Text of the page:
Creating an Economy of Good with Sustainatopia’s John Rosser

April 1, 2015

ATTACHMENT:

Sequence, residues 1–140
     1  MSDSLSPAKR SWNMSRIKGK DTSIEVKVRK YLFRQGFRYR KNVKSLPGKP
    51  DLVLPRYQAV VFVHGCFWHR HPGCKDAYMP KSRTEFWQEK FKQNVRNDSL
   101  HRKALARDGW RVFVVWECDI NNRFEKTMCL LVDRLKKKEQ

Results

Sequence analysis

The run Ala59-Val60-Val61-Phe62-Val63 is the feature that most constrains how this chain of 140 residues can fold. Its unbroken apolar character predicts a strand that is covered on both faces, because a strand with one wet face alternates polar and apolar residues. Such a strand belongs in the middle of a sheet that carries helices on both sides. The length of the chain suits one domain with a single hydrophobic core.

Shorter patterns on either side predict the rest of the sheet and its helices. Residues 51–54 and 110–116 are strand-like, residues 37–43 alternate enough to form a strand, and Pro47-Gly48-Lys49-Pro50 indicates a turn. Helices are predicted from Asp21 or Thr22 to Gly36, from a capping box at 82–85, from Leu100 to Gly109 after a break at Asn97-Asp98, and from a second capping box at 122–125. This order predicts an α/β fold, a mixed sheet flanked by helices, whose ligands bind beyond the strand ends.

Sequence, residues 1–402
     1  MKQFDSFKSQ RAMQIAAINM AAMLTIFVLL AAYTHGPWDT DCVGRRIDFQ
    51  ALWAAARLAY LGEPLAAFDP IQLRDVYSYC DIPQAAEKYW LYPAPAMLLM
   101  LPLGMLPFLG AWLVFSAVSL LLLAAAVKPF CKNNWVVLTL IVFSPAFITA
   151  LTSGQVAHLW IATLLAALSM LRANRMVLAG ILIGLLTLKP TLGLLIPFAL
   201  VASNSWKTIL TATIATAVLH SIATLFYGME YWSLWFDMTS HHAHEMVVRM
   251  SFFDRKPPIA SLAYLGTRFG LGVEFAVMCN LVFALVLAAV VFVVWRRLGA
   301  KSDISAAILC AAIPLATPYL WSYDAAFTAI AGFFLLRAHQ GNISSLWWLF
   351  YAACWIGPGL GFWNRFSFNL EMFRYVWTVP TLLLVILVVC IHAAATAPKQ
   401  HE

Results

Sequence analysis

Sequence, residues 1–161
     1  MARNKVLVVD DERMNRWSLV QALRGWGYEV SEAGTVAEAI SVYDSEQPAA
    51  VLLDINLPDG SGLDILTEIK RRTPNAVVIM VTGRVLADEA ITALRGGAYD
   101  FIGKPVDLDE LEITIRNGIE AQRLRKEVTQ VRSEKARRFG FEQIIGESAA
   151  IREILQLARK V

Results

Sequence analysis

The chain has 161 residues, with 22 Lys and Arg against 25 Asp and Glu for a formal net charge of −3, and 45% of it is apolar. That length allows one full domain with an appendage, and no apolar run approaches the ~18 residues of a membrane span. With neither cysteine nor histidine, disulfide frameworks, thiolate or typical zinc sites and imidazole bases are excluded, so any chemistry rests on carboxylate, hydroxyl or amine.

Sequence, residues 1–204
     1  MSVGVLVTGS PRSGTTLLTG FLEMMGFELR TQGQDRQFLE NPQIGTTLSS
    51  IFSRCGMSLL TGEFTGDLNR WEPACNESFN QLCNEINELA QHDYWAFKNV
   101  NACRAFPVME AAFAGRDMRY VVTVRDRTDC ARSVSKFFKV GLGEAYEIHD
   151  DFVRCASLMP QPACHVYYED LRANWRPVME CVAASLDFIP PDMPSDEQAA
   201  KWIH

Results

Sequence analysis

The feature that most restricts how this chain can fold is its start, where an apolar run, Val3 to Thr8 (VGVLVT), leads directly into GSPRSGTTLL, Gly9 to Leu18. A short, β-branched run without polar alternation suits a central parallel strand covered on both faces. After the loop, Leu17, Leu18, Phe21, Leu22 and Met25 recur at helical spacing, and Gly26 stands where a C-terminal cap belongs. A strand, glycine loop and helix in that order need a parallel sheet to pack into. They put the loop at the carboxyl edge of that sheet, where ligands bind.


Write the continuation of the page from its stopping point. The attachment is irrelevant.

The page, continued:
JOHN SHEGERIAN: Welcome to Green is Good, and we’ve got with us today John Rosser. He’s the founder of Sustainatopia. He’s also my friend. Welcome to Green is Good, John. JOHN ROSSER: John, thanks so much for having me. JOHN SHEGERIAN: Hey, I’m so excited to have you because you’ve got some real great and exciting things to talk about today. Before we get talking about Sustainatopia and your upcoming conference in Beverly Hills on May 27th-30th at the Hyatt Regency, I’d like you to share with our listeners a little bit about your journey and story leading up to the founding of Sustainatopia, John. JOHN ROSSER: Sure, thanks so much for that introduction, John. I have a pretty eclectic background. I studied foreign languages in undergrad, and then I got my international MBA. I found out pretty quickly, and I think this is also a cultural thing, that I wasn’t a big company person, as far as where I should work. I was very entrepreneurial. I really enjoyed doing my own thing, and I had a lot of ideas. That manifested itself into hosting my first business, the largest international MBA job fair in the country. This was in the nineties. I got to work with many corporations, but just on the other side, as a service provider. It was a really fun event. I wound up actually selling it to the Washington Post, and this was in the nineties. That allowed me to kind of explore what I really wanted to do, what I was passionate about, and I wound up, a few years later, producing a television show, which starred my wife, called Origami with Leonore. It was filmed in what’s called interstitials, which are 2-3 minute segments. It was on Discovery Kids Latin America, it was also on PBS for many years. That was a seminal moment for me and my business career, because we were very mission-driven as a program. We were trying to teach young boys and girls origami, and I simply loved, as part of my daily activity, being both mission-driven and trying to be sustainable financially. That was the turning point for me because I realized that when you’re able to combine those two things, it’s really a great way to go, and I think it’s a great way to structure individual companies and large companies as well. After I had had that experience, I was very interested in continuing to have this ability to both be mission-driven, but also to do business like anyone else. That led me to launch Sustainatopia after, actually, a couple years of research. We held our first event in 2010 in Miami, Florida, and now we’re very, very happy to be on the West Coast in Beverly Hills. JOHN SHEGERIAN: For our listeners out there that want to learn more about Sustainatopia or sign up for your upcoming conference, they can go to www.sustainatopia.com. Share with our listeners first, John, what is Sustainatopia so they understand it from your vision? JOHN ROSSER: Sure, thank you for that. We’re really focused on this new world. We all have to make money to be sustainable. That can be in a small business or a very large corporation. Business is a good thing and a good tool overall. We need it, but I think we’re entering a world in which it’s important that we also solve both social and environmental problems that exist in the world. I think business is the best available tool to do that. Our conference, really it’s both a conference and a festival, and I can go into that later, but what we really focus on is this new world of doing business and also doing good. That can take many different forms, as you know. There’s so much good stuff to do and it’s actually very valuable stuff in terms of creating value and creating businesses, and ultimately, making money. This goes across the board. We like to focus on issues everywhere from the environment, and that can be companies that focus on recycling or other means, focusing on climate change, saving our oceans, different things like that, but also social problems such as urban core poverty, recidivism, which is prisoners going back to prison, which is not good for anyone. There are all sorts of tools now, and very creative financial tools, to help lessen or even eliminate the social and environmental concerns. There’s a number of great businesses, including our own, John, focusing on this, and we believe this is the economy for the next 500 years. That is, when the values and money align, and we cannot only create employment, create great companies, but also help solve and mitigate these very serious social and environmental problems. What we’ve found through our event, and we posted over 1,500 speakers over the past six years, we’ve had everyone from the White House to celebrities like Donna Karan and the top foundations like Rockefeller and top corporations like HP, we believe there’s so much talent available to do this, to create an economy of good, to help address these social and environmental concerns. It’s just about unlocking this creativity that we have across the board. We have the tools to do it, and our event is really proud to support all these great businesses and entrepreneurs who are addressing these problems. JOHN SHEGERIAN: John, you just mentioned a couple of minutes ago conference, festival or both. Can you explain the difference between them and why yours might be really considered both? JOHN ROSSER: Sure. Our conference is really a business-to-business conference. These are for folks who do this for a living. This can be anyone from a social entrepreneur to a Chief Sustainability Officer or Chief Marketing Officer within a corporation, the head of a foundation, the head of an NGO, an investor who’s looking to invest in this space, and we’re seeing that increasingly, that financial capital, including Wall Street capital, is very interested in these projects that both make money and do good. The conference is really a business-to-business conference, most likely for folks who either have a burning desire to learn about it, and we welcome them, or they actually work in this industry already. The festival was developed because we didn’t want to be closed door to other people who really care about what we’re trying to address with Sustainatopia, to create a better world. In that way, we’ve created a number of different events, everywhere from free events, educational events, to $10 movies, to fundraisers in and around the conference in order to support doing good and bringing together what we like to call basically a family reunion of folks who really care about this, care about changing the world. We don’t try to define are they brothers and sisters or second cousins, but they’re all part of the family and we try to have different portals for folks to connect to Sustainatopia at the level that they’re at. JOHN SHEGERIAN: I love it. For our listeners that just joined us, we’ve got John Rosser. He’s the founder of Sustainatopia. To learn more about Sustainatopia or sign up for their great conference that’s coming up in Beverly Hills, May 27th-30th, at the Hyatt Regency, you can go to www.sustainatopia.com. I’m on your website now, gorgeous website, lots of great information there. Share with our listeners some of the past top organizations and leaders that have participated in your great conference, and some of the ones that are coming to this year’s conference, just to give them a taste of the amazing wide breadth of people and organizations that you have that represent Sustainatopia. JOHN ROSSER: Sure. We’re particularly proud of a project that we’ll be featuring in Los Angeles that was actually conceived at our event in Miami in 2014. It involves the CDI initiative of the Obama Administration. CDI stands for Climate Data Initiative. It’s an initiative to gather on an actionable basis all the data available on climate change. What occurred, and this is in 2014 after the President talked about climate change in the State of the Union, we were the first event that they visited to talk about the Administration’s plan. They actually met Wharton Business School, a group called Good Company Ventures, which is connected to Wharton Business School, and it’s their social business accelerator. They’ve catalyzed over $50 million for social businesses over the years. They both came to the event, and this is kind of the magic of doing events in-person, why doing things online will never replicate a physical event, because they both came down speaking about different subjects and then networking over several days, they came to discover there’s a great project that they could both address. That is creating a social business accelerator for climate change, and they’ve done that now with partners MIT, IBM, NASA, which is the federal government agency, collecting data within the federal government. We’re so proud of this combination of partners and this idea was fostered at our event in Miami. We’re actually having all these groups, including the White House, come to Los Angeles this May. It’s only one of many projects, John, that we feature. I actually wouldn’t have time to talk about all these great projects. In candor, I’m really agnostic about how the good stuff happens, as long as it happens, so we celebrate good at every level. It doesn’t always have to be the White House. We see the most incredible social entrepreneurs and companies come to our event. JOHN SHEGERIAN: What are some of the key themes, though, that you’ve put together and structured so people could come together and create these constructive collaborations at Sustainatopia this year? JOHN ROSSER: Sure. We have several tracks. Our biggest track is called the Ecosystem of Impact Investing and SRI. The ecosystem includes not just investment, but the companies and foundations and government officials themselves. As you may know, these projects are becoming increasingly complex, so there’s often a role for foundations or non-profits and government with these structure projects, which are trying to solve social or environmental concerns. We have a track for Fortune 500s. We love our companies, we love our big Fortune 500s, and we love when they’re trying to incorporate this new world in what they do. These efforts have been going on for many years, but they come to our event to learn best practices and partner and learn more from NGOs and other experts about these issues. We’ll have over 80 Fortune 500s participating and intermediaries, like consulting firms, that service them. We also have a track called Fuse, which is on design, media, ethical fashion and entertainment – the creative industries. We’re excited for them to have their own track. We have a number of large media companies coming, CNN Money, Inc. Magazine, Forbes, the Economist, all speaking at the event. We have a smart cities track and clean tech as well. Some amazing things going on as you know, John, and some amazing leadership companies including Tesla, who’s speaking at the event. We have another track called LOHAS, which focuses on food and consciousness and yoga companies as well. There’s been a big boom in the yoga industry and we also have those folks participating as well. JOHN SHEGERIAN: For our listeners out there in the United States and around the world, to sign up for your great event at the Hyatt Regency in Beverly Hills, May 27th-May 30th, they can go right to your website and sign up right online, is that correct? JOHN ROSSER: Absolutely. It just takes seconds. JOHN SHEGERIAN: Perfect. Talk a little bit about, John, your own overall view of sustainability and how that’s helping to change the world for the better now, and what you’ve seen since you’ve launched Sustainatopia, and how you’ve seen great ideas come together at your conference that are already going out there and changing the world. JOHN ROSSER: Sure, I’d be happy to. If you go back a couple hundred years when the Industrial Revolution was just starting, I’ll make an analogy for you, and hopefully your listeners can appreciate this. When I was growing up, you’d go to a playground. I grew up in the South. It was really, really hot, and I remember the summers. You’d have the slide that was blazing hot. It was made out of metal. You’d have concrete on the playground, and as a father of a child now, I look back and I go how in the world could our parents allow that to happen? I don’t think it’s because our parents were necessarily negligent; they just did what they knew and over time, people decided that’s not the best way to go for young children, to have metal slides and concrete. That’s dangerous. Now you see in playgrounds wood chips and things that are much safer. Folks learn through experience, so if you compare that to the economy, we go back 200-300 years with the Industrial Revolution. People were trying to do the best they could to create economic activity, to create jobs. That’s what they knew at that time, but the fact of the matter is, we know better now. We know very distinctly that we can’t continue the way we’re going in terms of creating economic output that creates all these kind of prongs and externalities with our environment, with our oceans, and having an economy that’s not as inclusive as we need it to be. The wonderful thing is we have now, John, this wonderful redesign opportunity. We have the opportunity to redesign the economy for the next 500 years, and we have more employment opportunities than the eye can see. We have an ability now to bring the creation of money back in line with value, to not have all these externalities that the Industrial Revolution created. Pollution is an easy one. We all remember seeing those photos of London 200 years ago, where you couldn’t even see the city because of pollution, and maybe LA 30 years ago, but we know better now. Cities have done a better job and companies are doing a better job, and that’s the direction we need to head. That way, we don’t create these externalities, which wind up being a huge tax on all of us. We can create companies, small or large, where making money and value is aligned. When you do that, you’re applying the laws of economics perfectly, you’re creating employment, and it’s really a virtuous circle of how things should be. We’re really excited to facilitate and bring together the companies around the world, small and big, that are doing this great work and be the catalyst that we can be for them. JOHN SHEGERIAN: John, we’re down to the last three minutes or so. Can you share your vision on where Sustainatopia will go in the next five or 10 years? Where do you want to drive the future of Sustainatopia? JOHN ROSSER: Boy, that’s a big question, John. We certainly are strategic in what we’re doing. People love our brand. What we’re particularly excited about is that millennials love what we’re doing, and millennials, the biggest demographic group in history, they totally get what we’re trying to do with Sustainatopia. In candor, millennials are really driving the bus in a lot of ways. These are going to be the folks who are in management or running companies. I think we have a real opportunity here, so we’re really interested with our brand and using it in ways that can leverage good. We have a physical event, of course, that we want to grow and grow, but we think our brand can help in so many different ways. We’re so excited about the future. We’re excited about expanding the brand. We’ve got some really exciting initiatives that we’re going to be announcing soon. It’s just a great time for everyone, and especially for younger listeners out there. There’s never been a time in history where you have a bigger chance to make a difference for the world, and you can make a difference on a global basis. I can’t encourage them enough to do everything they can to try to make a difference because the tools are definitely there and communication with the Internet and in other ways to really have a profound impact. In candor, those of us who are older, we’re counting on you. You’ve got the energy, you’ve got the smarts, and we want to work with you. JOHN SHEGERIAN: We’re down to a minute-and-a-half or so. Why LA over Miami? Why did you decide to make that move, because that’s fascinating, that geography? JOHN ROSSER: Sure. We love Miami, and that was our home for so many years, but we’ve seen some great, great things in Los Angeles. It’s the media capital of the world, there’s no better place to distribute messages to the mass public, and we think sustainability and impact are the right things to do, and we think probably what’s held us back, if anything, is not having a higher frequency of messaging and being clearer about our message. We all have the secret sauce that work in this space. This is what people want to do. It’s aspirational, I think, in their heart of hearts. They know it’s the right thing to do, but we just need to do a better job of communicating it, celebrating it and getting leaders together to solve problems. That’s what we’re really intent on doing. We think, for now, Los Angeles is a great place for us to be, and we’ve been welcomed with open arms. It’s been a fantastic response to date, and we look forward to this May event. JOHN SHEGERIAN: For our listeners out there that want to come to Sustainatopia 2015, go to www.sustainatopia.com. You can sign up. It’s May 27th-May 30th at the Hyatt Regency in Beverly Hills. John Rosser, thank you for being a visionary leader and entrepreneur. You are truly living proof that green is good.